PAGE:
Black Orpheus, Nexus/Busara, Chimurenga Chronic, etc.
Small Magazines in Africa: Networks of Curation and Scalability
Christopher Ouma and Madhu Krishnan
The small magazine has held a significant but understudied effect on not only the project of imagining Africa in the long twentieth century, but also of articulating projects of solidarity, intimacy and political action. As a key node within larger ecologies of print culture, the small magazine is notable for the ways in which its flexible form and sometimes eccentric modes of circulation trouble what have come to be seen as ‘orthodox’ or received wisdom as to the nature of self-fashioning and modernity on the African continent. While the ‘smallness’ of its form underlines its context as a site-specific platform of cultural production, it’s networks of circulation and the audiences and publics it convenes point to a wider and much more ambitious intention which cannot be reduced to simplistic or one-dimensional systemic models of understanding. As ‘form’ and therefore a ‘genre’ in the long twentieth century of African cultural production, the small magazine has convened various platforms for the articulation and intersection of various projects, often in intersectional logic; anti-colonialism, pan-Africanism, Anti-apartheid imagination and broader project(s) of decolonization during the second half of the twentieth century. This project seeks to examine how small magazines are able, through the networks they create scale up and scale down their visibility through various strategies of curation and self-fashioning which evolve and transform over time and space. It is the specific nexus of scalability, in tandem with the curatorial potentiality of the small magazine through various models of formal juxtaposition and intellectual patterning, we argue, which has lent it its importance as an archive of the present with respect to African models of intellectual production. Such strategies account for the longevity, political and cultural potency of the form which has had a significant footprint in the long twentieth century of political and cultural organization and the imagination of identity in the continent. The project draws from example in magazines such Transition, Black Orpheus, Nexus/Busara, Chimurenga Chronic, Kwani? amongst many others, exploring how media, platform, visibility, publicness, form and genre come together in the small magazine to produce new understandings of African models of modernity, coalition and solidarity.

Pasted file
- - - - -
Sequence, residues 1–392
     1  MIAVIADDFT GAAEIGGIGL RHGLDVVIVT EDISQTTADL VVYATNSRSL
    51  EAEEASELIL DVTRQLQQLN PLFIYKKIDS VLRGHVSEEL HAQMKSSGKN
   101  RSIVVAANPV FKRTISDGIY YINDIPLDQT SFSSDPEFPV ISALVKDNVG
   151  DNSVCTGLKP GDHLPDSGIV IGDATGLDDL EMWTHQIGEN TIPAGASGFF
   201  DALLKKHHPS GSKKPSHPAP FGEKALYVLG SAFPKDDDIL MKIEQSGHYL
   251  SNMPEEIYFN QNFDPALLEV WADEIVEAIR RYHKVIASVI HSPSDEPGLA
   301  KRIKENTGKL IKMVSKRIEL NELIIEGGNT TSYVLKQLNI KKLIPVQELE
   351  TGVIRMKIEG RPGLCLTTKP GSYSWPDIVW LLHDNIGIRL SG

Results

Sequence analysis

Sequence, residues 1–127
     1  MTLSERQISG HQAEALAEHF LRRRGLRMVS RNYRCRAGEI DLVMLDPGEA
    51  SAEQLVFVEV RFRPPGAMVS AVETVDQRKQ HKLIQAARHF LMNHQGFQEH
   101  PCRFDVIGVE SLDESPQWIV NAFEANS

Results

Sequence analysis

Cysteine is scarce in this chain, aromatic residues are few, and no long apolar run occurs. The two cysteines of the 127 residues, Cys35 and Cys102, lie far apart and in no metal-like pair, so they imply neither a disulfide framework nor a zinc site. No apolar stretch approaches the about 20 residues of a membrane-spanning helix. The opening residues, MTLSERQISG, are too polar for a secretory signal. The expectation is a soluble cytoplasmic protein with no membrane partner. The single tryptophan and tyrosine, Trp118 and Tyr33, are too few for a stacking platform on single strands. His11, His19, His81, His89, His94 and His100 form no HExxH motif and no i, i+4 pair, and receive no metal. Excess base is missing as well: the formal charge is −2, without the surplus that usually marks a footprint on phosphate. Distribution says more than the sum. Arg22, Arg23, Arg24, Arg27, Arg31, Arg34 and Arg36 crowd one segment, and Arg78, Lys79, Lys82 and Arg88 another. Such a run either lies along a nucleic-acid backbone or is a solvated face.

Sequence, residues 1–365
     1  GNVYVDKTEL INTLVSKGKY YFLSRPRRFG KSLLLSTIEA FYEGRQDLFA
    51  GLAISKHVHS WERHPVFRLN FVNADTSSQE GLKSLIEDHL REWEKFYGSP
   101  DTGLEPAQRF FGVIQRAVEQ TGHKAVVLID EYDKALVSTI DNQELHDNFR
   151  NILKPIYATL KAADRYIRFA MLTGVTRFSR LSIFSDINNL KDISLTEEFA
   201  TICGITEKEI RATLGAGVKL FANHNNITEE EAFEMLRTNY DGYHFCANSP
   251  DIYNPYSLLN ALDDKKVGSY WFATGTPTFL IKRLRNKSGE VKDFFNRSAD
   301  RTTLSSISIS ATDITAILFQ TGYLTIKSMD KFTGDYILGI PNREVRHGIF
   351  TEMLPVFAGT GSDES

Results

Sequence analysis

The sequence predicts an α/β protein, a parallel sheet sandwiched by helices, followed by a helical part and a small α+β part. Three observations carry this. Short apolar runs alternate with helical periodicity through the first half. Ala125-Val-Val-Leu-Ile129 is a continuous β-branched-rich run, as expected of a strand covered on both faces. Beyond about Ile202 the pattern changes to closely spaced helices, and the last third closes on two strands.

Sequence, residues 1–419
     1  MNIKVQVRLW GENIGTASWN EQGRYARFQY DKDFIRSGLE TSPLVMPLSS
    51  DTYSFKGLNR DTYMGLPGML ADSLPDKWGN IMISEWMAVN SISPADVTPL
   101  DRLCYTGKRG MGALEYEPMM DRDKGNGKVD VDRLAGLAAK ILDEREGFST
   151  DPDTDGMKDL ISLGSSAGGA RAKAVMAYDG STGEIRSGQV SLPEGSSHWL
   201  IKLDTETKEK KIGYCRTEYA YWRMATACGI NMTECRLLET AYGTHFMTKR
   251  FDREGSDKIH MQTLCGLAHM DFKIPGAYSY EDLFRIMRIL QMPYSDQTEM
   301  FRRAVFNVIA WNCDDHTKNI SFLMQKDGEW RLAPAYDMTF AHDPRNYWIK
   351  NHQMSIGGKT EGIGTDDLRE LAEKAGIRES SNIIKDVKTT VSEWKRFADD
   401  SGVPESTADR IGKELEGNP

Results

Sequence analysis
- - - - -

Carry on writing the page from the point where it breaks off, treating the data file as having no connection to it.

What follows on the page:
Christopher E. W. Ouma is an associate Professor with a joint appointment in the Departments of English Literary Studies and African Studies at the University of Cape Town. His research and teaching interests include the broader field of contemporary African and African Diasporic literary and cultural production. He is particularly interested in African popular culture and […]